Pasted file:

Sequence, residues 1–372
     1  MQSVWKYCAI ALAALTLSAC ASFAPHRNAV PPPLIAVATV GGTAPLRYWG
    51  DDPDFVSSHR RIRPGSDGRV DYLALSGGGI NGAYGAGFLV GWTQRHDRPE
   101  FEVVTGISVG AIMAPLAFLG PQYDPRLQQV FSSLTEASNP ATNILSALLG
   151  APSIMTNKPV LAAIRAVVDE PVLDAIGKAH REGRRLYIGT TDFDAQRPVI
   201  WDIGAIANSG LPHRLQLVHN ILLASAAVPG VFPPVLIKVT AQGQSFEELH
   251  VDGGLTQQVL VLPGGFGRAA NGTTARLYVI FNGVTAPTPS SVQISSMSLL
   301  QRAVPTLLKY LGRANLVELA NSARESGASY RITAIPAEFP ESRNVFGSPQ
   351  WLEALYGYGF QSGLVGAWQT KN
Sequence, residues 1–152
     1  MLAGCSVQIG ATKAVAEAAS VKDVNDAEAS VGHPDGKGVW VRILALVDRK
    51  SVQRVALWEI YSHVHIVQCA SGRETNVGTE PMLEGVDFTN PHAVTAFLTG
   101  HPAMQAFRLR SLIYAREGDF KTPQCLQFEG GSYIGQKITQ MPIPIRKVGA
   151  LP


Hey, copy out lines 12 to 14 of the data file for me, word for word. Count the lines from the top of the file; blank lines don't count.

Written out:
    51  SVQRVALWEI YSHVHIVQCA SGRETNVGTE PMLEGVDFTN PHAVTAFLTG
   101  HPAMQAFRLR SLIYAREGDF KTPQCLQFEG GSYIGQKITQ MPIPIRKVGA
   151  LP